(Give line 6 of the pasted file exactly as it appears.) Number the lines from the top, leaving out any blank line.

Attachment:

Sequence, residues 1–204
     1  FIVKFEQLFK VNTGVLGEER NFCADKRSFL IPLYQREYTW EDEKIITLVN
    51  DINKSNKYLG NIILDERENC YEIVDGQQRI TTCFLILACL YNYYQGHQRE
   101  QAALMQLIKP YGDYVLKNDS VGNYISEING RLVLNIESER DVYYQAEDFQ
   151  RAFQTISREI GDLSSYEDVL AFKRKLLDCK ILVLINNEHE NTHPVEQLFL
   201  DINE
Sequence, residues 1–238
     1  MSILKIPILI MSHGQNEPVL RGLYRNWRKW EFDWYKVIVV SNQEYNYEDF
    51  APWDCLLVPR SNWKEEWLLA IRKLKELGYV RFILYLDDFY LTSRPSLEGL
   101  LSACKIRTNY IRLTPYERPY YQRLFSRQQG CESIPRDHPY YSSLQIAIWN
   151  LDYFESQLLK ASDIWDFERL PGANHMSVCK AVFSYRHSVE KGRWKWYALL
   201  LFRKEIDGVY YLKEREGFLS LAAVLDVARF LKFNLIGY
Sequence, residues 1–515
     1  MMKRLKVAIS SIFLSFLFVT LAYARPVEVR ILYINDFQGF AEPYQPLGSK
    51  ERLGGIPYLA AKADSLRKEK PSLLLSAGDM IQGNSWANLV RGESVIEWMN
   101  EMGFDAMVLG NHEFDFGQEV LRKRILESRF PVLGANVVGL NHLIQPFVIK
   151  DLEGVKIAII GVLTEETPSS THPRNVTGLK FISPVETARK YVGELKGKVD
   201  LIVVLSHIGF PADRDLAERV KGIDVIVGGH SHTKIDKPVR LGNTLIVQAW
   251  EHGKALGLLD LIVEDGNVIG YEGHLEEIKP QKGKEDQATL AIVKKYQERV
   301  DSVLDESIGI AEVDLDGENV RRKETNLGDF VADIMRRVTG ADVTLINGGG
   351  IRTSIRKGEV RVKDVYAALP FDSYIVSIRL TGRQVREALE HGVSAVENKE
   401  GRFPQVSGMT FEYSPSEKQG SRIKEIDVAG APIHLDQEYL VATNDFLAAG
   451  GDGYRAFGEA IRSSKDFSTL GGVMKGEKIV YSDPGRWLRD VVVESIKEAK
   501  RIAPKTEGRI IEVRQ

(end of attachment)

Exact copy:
   201  DINE